What is Pregnancy Rhinitis?

What is Pregnancy Rhinitis?

Pregnancy Rhinitis Tips
When a woman is pregnant, she has enough to contend with and worry about. Unfortunately, pregnancy does not come without its fair share of unwanted side effects. During pregnancy, many realize that they are continually experiencing the symptoms of a sinus infection. Their nose won’t stop running, or they are experiencing congestion, on top of the coughing and sneezing. For some, this uncomfortable condition can even include nosebleeds or nasal itching.

If you are pregnant and you have been experiencing sinus problems, know that you are not alone. A common ailment of pregnancy (along with morning sickness and backaches), pregnancy rhinitis can cause a host of sinus problems that can make you feel miserable. Especially when you place pregnancy rhinitis on top of all of the other unpleasant experiences of being pregnant. Experiencing constant sinus issues can easily affect your quality of sleep, and negatively impact your quality of life.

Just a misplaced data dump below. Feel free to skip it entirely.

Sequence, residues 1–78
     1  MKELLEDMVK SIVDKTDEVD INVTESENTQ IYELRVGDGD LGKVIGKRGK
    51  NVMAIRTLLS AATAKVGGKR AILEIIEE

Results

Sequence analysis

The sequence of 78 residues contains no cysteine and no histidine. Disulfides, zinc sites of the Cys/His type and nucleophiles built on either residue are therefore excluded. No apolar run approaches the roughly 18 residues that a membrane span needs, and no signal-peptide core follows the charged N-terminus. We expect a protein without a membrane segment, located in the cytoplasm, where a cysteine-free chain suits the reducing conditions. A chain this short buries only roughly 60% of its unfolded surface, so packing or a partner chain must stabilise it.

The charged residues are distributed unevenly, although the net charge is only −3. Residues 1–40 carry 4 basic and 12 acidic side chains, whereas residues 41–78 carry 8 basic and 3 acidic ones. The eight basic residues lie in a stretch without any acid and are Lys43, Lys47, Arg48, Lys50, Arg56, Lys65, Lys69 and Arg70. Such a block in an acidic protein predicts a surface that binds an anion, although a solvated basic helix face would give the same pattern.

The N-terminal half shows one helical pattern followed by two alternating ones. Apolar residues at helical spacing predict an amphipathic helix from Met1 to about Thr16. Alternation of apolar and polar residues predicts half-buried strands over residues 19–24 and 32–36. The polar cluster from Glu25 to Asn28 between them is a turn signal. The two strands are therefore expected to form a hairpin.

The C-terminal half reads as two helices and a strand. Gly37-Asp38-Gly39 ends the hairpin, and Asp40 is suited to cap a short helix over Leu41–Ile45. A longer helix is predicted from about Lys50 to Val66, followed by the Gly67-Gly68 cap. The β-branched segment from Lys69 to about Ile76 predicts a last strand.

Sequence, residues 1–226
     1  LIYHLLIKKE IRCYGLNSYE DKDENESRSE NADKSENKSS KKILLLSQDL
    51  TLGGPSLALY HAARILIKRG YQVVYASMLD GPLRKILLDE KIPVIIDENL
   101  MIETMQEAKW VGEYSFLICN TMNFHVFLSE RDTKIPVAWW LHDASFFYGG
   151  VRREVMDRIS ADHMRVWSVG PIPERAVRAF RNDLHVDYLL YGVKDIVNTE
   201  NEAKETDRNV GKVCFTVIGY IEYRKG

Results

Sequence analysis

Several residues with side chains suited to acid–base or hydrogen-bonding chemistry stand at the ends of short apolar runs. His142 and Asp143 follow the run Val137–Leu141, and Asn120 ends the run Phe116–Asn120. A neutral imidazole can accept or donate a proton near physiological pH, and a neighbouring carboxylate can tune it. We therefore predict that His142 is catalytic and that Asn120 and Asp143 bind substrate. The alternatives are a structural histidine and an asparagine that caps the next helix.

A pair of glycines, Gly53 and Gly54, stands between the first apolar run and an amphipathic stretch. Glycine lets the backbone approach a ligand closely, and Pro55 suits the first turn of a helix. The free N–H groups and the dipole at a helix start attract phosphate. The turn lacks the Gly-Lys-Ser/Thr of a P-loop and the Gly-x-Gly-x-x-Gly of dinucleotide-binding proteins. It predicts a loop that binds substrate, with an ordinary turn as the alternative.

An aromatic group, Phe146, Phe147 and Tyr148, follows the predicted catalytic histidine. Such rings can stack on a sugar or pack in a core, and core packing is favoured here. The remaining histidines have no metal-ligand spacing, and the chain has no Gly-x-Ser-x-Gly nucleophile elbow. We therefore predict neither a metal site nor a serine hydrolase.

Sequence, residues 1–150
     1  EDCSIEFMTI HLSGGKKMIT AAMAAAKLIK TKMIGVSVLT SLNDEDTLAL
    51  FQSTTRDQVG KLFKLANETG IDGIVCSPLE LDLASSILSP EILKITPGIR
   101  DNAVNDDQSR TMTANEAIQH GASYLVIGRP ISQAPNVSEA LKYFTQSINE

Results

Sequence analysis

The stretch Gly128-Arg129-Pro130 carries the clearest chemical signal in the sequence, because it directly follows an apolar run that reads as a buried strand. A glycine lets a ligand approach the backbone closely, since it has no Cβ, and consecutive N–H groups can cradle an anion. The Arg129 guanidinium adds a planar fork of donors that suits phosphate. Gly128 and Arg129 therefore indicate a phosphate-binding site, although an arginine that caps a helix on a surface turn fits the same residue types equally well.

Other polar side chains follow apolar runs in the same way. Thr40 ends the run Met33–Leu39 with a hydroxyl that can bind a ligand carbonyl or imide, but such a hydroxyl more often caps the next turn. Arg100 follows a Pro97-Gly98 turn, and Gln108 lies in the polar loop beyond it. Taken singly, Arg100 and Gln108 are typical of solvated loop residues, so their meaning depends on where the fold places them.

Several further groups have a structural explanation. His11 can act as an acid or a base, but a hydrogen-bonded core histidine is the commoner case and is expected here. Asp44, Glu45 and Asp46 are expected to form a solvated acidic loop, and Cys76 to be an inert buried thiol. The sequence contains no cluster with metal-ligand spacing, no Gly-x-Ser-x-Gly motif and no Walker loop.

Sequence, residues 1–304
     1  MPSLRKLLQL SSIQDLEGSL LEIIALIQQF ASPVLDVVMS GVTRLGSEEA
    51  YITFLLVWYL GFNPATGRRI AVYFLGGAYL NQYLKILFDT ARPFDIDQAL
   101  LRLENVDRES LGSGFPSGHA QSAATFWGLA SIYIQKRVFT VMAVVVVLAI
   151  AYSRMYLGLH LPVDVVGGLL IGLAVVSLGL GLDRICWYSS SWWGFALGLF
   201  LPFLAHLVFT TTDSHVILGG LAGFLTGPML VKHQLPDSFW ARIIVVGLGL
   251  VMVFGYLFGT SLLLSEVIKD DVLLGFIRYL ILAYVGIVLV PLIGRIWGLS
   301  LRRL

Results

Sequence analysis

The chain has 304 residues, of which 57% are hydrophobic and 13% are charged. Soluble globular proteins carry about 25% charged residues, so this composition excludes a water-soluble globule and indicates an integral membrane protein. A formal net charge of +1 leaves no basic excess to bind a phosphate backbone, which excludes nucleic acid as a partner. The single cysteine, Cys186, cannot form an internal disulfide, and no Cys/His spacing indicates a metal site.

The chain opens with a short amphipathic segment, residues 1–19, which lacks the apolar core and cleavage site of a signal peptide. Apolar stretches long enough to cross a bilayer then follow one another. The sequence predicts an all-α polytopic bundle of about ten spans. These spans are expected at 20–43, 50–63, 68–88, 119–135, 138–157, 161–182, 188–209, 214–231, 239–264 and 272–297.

Pregnancy Rhinitis Tips

Pregnancy rhinitis commonly occurs during the first trimester, and typically lasts roughly six weeks. Pregnancy rhinitis occurs to a change in estrogen levels, which often leads to increased mucus production and either thin or thick mucus. Sinus pressure and pain usually occurs when the mucus is thick, and if thin, your nose will become a “faucet.” While you often have to wait out pregnancy rhinitis and its undesirable symptoms, these helpful pregnancy rhinitis tips can help you stay comfortable in the meantime.

• Exercise
• Drink plenty of fluids
• Elevate your head when you lie down
• Steam therapy
• Avoid environmental irritants
• Add humidity to your home

Typically, pregnancy rhinitis clears up on its own. However, a bout of pregnancy rhinitis that lingers way past it’s welcome could be an indicator of sinusitis or bacterial infection. If this is the case, antibiotics may be required, so make sure you contact your doctor as soon as possible.

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The Staff and Doctors of The New York Otolaryngology Group